After Angelus had left sporting his shiny new soul, Spike had felt, among many other emotions, extremely confused and wrong-footed. Decades after Angelus left Spike had been able to look back and realize (and he was loathe to admit it) that he had felt very lost when his grandsire left. Yes, he had been relieved that his main torturer was gone, but in a very unhealthy, twisted way he had been … hurt. Not that he regretted the ponce leaving, surely. What had hurt was that Angelus had left his family so easily. They had depended on him greatly … and he left as though they meant nothing. Spike had felt rejected, and abandoned.

It was sick. A disgusting form of Stockholm syndrome. But calling it sick didn’t make it any less the truth. It took many years before Spike could reconcile that Angelus was never truly returning. Hurt turned into anger, anger into hate.

Minutes later they appeared along with a couple of the slayer’s friends. Spike watched as the slayer’s two friends entered the club, but his grandsire and the slayer remained outside talking in low tones. Spike strained to hear, but was frustrated when they were talking quietly enough that he couldn’t. The slayer stood on her tip-toes, planting a soft kiss on Angelus’ mouth before they slipped inside.

Spike briefly considered following them into the Bronze but thought better of it. Not that he was a coward. He was anything but that. But he also wasn’t stupid. He had great confidence in his vampiric abilities, but him against a slayer and his grandsire alone? He might be masochistic, but he certainly wasn’t suicidal.

Whistling a little jaunty tune he walked away from the Bronze deciding to look for some game. Only a couple minutes later Spike sniffed the air. Blood. Fresh blood. He grinned around his incisors. Following the scent he weaved through back alleys, not at all concerned how long it was taking to track the source of blood. Turning onto a particularly darker alleyway Spike stopped abruptly. Four demons wearing brown robes stood in the alley, each looked at Spike with expectancy.

Eyeing them warily Spike sniffed the air. “Allo, mates. Seen a little wounded birdie ‘round here?”

“You’re him?” The one on the far left asked.

Spike raised an eyebrow. “What’s that?”

“The vampire,” The same demon said.

“That I am,” Spike said dryly. “Good on you.”

“You are the vampire named Spike?”

Spike looked at the demon sharply. “And if I am?”

The demon on the far right took over. “Our master has a challenge for you. Do you accept?”

Spike narrowed his eyes. “What are you gettin’ at, twitchy?”

The demon’s looked at each other as though uncertain of how to continue. The demon next to the far left one said, “Our master wishes you to accept his challenge. Do you accept?”

“I heard that the first time, you berk. What kinda challenge?” Spike narrowed his eyes, studying the demons speculatively. “Your master, eh? Does he wanna fight me for mastery of Sunnyhell? Thas it isn’t it? A vamp wants to usurp my command. Bleeding hell. Where’s this poser? Can’t face me, gotta send the minions to do the dirty work, eh?”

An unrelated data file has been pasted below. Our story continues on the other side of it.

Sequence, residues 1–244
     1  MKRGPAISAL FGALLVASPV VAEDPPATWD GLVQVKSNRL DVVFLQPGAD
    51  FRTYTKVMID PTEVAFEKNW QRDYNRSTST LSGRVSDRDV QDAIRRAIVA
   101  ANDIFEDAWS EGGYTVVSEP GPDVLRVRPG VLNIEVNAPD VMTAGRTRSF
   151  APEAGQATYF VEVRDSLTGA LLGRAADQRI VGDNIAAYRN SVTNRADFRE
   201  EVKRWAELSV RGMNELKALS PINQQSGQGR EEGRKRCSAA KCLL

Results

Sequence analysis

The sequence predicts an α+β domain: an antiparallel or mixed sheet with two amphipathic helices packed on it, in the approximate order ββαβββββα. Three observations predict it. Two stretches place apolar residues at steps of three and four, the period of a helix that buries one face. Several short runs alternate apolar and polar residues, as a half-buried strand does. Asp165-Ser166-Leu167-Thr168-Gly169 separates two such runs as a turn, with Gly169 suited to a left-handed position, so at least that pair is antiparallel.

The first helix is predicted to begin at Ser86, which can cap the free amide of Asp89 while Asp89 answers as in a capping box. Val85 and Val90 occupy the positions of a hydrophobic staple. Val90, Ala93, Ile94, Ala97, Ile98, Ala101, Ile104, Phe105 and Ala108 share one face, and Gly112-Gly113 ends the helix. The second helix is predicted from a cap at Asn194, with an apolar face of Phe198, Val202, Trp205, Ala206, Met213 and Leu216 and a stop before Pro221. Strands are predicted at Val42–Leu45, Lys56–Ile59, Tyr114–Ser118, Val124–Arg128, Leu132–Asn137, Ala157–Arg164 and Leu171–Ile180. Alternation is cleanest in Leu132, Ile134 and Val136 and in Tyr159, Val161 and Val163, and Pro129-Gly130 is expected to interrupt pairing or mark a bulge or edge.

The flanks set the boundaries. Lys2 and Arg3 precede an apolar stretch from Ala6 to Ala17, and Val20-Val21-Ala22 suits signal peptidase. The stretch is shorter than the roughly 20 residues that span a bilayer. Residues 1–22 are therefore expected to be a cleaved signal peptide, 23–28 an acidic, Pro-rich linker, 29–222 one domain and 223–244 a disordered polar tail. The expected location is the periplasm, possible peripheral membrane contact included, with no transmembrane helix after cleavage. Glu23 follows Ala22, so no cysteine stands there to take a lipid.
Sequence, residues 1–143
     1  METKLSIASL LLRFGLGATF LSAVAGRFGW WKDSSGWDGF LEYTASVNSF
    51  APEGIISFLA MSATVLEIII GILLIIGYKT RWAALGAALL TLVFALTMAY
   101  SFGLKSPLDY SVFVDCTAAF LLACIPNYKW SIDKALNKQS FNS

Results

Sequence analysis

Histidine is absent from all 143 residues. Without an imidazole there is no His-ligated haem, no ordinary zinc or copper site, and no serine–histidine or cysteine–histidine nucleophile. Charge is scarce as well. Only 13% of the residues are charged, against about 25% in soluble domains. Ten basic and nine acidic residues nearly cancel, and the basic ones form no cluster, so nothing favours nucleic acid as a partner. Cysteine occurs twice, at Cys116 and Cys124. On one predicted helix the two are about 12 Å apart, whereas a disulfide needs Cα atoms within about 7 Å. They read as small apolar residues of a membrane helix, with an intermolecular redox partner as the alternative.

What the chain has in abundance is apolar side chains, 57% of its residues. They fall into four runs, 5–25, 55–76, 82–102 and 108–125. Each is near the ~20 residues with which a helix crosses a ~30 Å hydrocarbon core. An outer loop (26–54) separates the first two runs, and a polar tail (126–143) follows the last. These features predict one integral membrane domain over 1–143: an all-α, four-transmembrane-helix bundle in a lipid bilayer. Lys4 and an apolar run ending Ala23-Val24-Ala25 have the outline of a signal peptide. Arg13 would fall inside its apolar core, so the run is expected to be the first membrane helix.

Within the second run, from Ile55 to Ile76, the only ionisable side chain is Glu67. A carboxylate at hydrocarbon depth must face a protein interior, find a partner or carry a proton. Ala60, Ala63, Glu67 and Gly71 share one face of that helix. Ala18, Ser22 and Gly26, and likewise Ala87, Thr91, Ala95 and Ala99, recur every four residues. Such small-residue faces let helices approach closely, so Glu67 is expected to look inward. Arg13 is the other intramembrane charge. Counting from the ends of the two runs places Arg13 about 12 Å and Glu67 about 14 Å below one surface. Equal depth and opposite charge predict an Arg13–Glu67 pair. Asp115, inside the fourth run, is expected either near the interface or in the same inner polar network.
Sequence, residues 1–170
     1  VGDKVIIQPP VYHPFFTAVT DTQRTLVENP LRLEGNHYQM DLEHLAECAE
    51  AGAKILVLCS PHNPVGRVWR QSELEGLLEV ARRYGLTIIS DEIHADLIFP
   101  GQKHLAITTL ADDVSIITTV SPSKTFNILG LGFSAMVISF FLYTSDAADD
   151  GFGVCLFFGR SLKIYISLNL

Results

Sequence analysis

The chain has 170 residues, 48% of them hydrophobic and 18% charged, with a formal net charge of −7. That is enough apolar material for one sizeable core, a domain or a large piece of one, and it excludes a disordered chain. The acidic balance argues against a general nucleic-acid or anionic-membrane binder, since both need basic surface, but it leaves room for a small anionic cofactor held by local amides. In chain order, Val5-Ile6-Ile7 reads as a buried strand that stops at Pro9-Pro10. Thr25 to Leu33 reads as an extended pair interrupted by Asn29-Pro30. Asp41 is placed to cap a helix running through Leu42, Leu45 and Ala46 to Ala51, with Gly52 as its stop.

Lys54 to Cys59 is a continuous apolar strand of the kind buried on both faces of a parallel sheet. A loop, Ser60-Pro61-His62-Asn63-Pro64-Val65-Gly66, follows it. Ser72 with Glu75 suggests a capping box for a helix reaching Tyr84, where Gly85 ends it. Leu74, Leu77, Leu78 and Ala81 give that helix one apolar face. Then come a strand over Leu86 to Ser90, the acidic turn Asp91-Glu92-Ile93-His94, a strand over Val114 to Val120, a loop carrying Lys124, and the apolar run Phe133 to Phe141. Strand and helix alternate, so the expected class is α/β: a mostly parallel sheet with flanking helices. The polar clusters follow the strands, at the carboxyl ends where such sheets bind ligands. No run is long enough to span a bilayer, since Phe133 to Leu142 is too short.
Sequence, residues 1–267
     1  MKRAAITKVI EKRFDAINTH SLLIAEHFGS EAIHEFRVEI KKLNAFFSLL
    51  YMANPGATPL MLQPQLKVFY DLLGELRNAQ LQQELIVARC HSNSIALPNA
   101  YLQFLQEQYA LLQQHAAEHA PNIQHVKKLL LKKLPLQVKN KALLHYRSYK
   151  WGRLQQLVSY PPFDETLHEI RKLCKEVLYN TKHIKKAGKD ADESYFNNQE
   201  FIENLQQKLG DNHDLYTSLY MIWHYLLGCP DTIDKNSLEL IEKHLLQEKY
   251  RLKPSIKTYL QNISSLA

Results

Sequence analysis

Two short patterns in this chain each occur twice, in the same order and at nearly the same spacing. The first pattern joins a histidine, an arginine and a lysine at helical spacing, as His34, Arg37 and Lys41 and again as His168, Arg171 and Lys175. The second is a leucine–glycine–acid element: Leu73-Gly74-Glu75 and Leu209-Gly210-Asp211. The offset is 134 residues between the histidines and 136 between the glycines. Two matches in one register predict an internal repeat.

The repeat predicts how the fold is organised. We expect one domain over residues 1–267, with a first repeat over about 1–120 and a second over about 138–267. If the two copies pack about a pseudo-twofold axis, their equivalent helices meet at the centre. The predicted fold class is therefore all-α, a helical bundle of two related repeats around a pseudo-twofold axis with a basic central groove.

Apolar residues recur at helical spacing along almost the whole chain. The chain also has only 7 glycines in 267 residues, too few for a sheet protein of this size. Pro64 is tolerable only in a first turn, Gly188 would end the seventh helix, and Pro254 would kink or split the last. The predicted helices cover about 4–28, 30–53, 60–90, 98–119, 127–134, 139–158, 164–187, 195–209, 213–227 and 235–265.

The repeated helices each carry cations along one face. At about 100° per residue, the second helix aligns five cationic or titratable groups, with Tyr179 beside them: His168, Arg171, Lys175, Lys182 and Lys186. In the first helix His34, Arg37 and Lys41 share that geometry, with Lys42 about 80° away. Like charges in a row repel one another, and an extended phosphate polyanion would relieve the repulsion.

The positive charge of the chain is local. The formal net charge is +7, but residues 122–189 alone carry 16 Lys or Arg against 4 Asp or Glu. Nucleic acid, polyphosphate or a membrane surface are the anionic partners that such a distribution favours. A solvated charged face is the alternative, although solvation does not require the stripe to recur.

Not rising to his insults the demon only repeated, “Do you accept the challenge?”

Spike sniffed the air again. “One mo’. Where’s the kill, then?”


“No lies now. I can smell it. Vamp as you so astutely pointed out, yeah.”

“Ah,” said the demon on the left. “We had to entice you away from prying eyes. We thought it the best way. It is a spell - nothing more.” He waved a hand and the smell disappeared.

“Dirty pool. Lucky you didn’t get a flock of vamps here.”

“The spell was specially made for you. Only you.”

“Well, that’s right creepy, that is.”

“Do you accept the challenge?”

Spike scowled. “Bleeding right I do! I don’t just sit around letting any vamp – or demon! – think they can take what I rightfully earned. Okay, so I kinda lied and cheated to get the gig, but honestly who doesn’t? I got rules, yeah. And when I say - ” Spike suddenly gasped, grabbing at his chest. It burned. It burned. “Fuck!” He ripped off his duster, then his shirt and tried to distinguish the spontaneous fire. But there was no fire. At least none he could see. He tried to appeal for help from the demons but he found he couldn’t speak.

The demon that had spoken to him first looked down at Spike with pitiless eyes. “You’ve accepted. So it shall be.” Then they disappeared into thin air, leaving Spike alone in the alley.

Falling to his knees Spike braced his hands on the ground in front of him. Taking long keening breaths he let out a whimpered sob. He’d never felt anything like this before. Never. It was worse than crosses, holy water, or any other torture he could think of. It burned him thorough and thorough. The only coherent thought he could muster was that he should be burning into ash but he wasn’t. He wished he was. Death would mean peace from the fire that suffused him; saturated him to his very bones. He scratched at his chest leaving long gashes from his fingernails where strips on skin shredded off. But he didn’t feel it. All he could feel was the fire expanding from his chest into the rest of his body.

He knew he was dying. Really dying. He could feel the burn spread to his throat and down to his toes. It was continuous and excruciating. Every fiber in his body screamed in agony. He was dying, and the moment he passed out he welcomed the darkness.